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1. Allow your kids time to do a genre switch.  This is an activity where you allow your students 3-4 minutes to write about the same topic, but change the prompt from narrative to expiatory.  For example: Give 3-4 minutes for students to write about a time they went to their favorite place.  Stop them and have them draw a line across the page.  Then tell them to explain what makes this place their favorite.  They get 3-4 minutes to do that, and then call time.  Ask students to share out one of their pieces.  The class tries to decide if what the student read was narrative or expository.  This activity helps students identify what narrative and expository is supposed to sound like.  It also allows the teacher to give pointers on exactly what to do in order to turn their piece into what it is supposed to be.  My students LOVE this activity…and it has really helped!

2. Use text structures with your kids.  If you haven’t ever done this…it’s not too late!  Text structures is HUGE!  The idea is NOT for them to memorize a bunch of them…the idea is to give kids a bank of ideas of how authors organize their information when they write.  Eventually they will begin coming up with their own structures.  I know…some of you are reading this and saying, “Yeah, RIGHT!  Not MY kids!”  And my words to you…TRY IT!  I used to say that, too.  But now…well…just look for yourself:

I gave my kids the prompt: Everyone has a favorite animal.  Think about all the animals you like.  Write about your favorite animal. Explain why it is your favorite.

Here are some of the text structures they came up with:

  1. My favorite animal–>what it looks like–>facts–>reasons I like it
  2. My favorite animal–>what it looks like–>what it’s good at–>what he does–>how it’s special to me
  3. Your favorite animal–>why it is–>how it looks–>why I want one
  4. My favorite animal–>what it looks like–>how it keeps me company–>why it’s my favorite
  5. What is it–>how it looks–>a reason–>where it lives–>final thoughts
  6. My favorite animal–>why it’s my favorite–>how he acts–>how he looks–>why I want one
  7. My favorite animal–>reasons it’s my favorite–>what it looks like–>what they eat–>that’s why ____ is my favorite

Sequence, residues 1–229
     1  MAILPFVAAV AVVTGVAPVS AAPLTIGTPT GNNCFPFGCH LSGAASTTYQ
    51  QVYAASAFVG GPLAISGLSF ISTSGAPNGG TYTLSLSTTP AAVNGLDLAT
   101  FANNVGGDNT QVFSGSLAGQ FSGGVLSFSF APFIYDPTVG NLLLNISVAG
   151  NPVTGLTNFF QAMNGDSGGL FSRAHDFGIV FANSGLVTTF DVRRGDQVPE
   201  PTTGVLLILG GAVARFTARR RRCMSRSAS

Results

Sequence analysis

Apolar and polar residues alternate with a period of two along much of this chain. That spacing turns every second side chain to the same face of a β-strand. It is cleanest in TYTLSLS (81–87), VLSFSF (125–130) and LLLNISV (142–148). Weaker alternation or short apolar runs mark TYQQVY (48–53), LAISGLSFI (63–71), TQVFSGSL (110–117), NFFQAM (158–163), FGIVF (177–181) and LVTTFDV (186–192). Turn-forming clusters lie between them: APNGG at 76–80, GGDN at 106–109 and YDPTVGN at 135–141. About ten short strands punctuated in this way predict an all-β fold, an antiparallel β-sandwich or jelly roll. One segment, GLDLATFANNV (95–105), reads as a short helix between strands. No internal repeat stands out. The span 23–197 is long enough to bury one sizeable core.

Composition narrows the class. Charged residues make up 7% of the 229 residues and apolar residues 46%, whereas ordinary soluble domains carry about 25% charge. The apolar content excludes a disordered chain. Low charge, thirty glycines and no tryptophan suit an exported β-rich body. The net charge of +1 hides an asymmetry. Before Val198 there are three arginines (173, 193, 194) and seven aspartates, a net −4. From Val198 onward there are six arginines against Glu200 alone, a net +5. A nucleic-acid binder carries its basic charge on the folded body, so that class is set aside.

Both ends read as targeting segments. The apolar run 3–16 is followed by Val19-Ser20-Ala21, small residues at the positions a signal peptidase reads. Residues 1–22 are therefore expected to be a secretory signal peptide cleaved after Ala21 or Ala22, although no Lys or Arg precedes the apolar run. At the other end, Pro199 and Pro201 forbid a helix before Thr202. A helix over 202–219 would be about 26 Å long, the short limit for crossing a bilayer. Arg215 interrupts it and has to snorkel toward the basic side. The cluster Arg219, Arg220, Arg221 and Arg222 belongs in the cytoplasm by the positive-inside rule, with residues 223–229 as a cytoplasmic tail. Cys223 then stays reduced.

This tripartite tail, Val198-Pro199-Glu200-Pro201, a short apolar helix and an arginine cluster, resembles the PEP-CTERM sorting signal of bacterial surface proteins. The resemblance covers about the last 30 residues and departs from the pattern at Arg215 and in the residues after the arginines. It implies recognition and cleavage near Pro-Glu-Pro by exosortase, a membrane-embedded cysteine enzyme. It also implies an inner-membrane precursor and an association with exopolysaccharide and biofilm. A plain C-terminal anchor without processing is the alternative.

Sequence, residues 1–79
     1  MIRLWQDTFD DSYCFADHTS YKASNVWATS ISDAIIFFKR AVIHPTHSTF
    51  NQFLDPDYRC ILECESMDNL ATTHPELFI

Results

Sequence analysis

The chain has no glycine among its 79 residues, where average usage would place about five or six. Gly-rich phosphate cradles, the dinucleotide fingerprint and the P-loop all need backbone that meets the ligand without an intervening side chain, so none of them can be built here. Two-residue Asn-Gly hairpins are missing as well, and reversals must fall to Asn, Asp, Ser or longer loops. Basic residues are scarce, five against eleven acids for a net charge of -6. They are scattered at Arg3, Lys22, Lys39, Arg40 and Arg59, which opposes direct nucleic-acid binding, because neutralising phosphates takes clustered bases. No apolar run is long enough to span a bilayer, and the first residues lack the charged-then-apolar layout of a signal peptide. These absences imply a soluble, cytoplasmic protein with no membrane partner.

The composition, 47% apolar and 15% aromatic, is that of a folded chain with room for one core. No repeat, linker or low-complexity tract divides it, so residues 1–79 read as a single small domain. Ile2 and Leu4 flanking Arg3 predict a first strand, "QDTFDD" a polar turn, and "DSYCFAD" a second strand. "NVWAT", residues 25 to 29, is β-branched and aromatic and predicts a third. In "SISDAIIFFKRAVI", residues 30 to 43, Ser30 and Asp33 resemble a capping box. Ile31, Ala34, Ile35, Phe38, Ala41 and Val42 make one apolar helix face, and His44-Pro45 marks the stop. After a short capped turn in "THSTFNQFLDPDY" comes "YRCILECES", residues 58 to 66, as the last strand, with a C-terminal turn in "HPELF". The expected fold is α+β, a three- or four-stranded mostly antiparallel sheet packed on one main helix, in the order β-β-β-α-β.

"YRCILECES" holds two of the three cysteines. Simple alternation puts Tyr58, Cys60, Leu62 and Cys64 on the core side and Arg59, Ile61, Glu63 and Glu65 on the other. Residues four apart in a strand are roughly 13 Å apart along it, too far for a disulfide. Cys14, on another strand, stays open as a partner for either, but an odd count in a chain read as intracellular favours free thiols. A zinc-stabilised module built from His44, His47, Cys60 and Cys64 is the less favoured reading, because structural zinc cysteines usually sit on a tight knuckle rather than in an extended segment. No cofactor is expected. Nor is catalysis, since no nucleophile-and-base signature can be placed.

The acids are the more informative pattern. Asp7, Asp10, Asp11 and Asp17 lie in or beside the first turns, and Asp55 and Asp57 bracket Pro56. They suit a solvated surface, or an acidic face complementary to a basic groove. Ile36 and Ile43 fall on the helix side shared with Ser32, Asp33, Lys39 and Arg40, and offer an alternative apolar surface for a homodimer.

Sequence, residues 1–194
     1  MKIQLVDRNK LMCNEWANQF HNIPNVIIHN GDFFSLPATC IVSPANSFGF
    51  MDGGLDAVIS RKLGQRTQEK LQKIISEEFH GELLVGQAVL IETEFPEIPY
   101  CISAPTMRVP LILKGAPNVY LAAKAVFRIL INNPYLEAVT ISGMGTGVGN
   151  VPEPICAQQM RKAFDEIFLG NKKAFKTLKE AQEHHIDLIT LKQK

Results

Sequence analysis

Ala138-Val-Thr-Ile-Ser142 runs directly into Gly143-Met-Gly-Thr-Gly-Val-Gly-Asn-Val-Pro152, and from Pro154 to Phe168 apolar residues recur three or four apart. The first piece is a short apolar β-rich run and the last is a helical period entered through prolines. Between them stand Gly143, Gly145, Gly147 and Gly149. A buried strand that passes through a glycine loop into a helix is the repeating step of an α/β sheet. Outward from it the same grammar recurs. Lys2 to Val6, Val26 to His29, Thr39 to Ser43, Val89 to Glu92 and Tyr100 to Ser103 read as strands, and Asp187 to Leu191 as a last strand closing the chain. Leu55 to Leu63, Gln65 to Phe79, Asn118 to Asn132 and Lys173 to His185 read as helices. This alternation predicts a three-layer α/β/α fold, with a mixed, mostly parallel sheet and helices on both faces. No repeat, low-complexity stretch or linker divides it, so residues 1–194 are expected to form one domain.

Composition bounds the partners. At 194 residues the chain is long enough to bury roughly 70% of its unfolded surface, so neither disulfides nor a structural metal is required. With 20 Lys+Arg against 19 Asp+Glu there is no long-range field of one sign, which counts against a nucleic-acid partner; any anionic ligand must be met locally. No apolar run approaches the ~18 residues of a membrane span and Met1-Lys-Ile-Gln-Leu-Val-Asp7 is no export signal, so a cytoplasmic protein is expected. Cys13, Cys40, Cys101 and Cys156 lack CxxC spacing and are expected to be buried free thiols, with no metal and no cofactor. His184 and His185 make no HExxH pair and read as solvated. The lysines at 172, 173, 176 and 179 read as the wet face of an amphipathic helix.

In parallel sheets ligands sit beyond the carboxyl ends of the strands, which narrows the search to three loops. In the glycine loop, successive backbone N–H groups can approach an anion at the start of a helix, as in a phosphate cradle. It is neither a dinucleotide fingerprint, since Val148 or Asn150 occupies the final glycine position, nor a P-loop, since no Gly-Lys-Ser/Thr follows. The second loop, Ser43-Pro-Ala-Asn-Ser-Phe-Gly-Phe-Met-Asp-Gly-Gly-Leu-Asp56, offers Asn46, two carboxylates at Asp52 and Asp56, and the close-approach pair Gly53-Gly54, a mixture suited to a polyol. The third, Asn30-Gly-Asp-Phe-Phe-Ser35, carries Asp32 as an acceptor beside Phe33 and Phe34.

All of them were different…but I KNOW that they know their purpose for writing…and ALL of these would make wonderful expository pieces.  I didn’t have them actually write it.  I just wanted to see if they could come up with a structure for HOW they would write it.

Is there a text structure that works for ALL expository writing?  Sure.  It’s this one: My favorite–>reason 1–>reason 2–>reason 3–>My opinion again.  Is it good?  Ummm…that depends on your opinion of good writing.  Do I use it?  Only with students who have shown MULTIPLE times that they are unable to create a text structure…and those kids are few and far between.

Why don’t I introduce this to my whole class?  The reason is simple…and it goes back to that formulaic writing jargon.  When students can come up with an organic structure, it allows them to naturally transition from one paragraph to another.  The STAAR rubric specifically mentions natural transitions.  When you give them the reason 1, reason 2 text structure….they end up writing: My first reason is… My second reason is… My third reason is…  Yep.  Formulaic.  In order to avoid that and allow students an opportunity to show personality, we use text structures that prompt them to use their OWN words to get this point across.

Did I mention how much I believe in text structures?  :)  Thank goodness for Gretchen Bernabei.  She has truly been a Godsend for me.  Her theories have totally changed my classroom…all for the better!  If it weren’t for her text structures, I think I would still be banging my head against the wall trying to figure out what in the world to do and how to teach expository writing.

So…there you have it.  These are some of the MAIN things that I focus on in my classroom.  If you want to hear what the STAAR writers have to say about what kids do wrong…click here and scroll down to 2013 TCTELA Young STAAR Writing 4-7.  This is from Victoria Young…I’d pay attention to what she has to say!  😉

If you have any other questions, please feel free to ask away!  I do my best to answer everyone who comments or asks questions.  And just like we tell our kids…I’m sure you aren’t the only one who is wondering…

Over and out.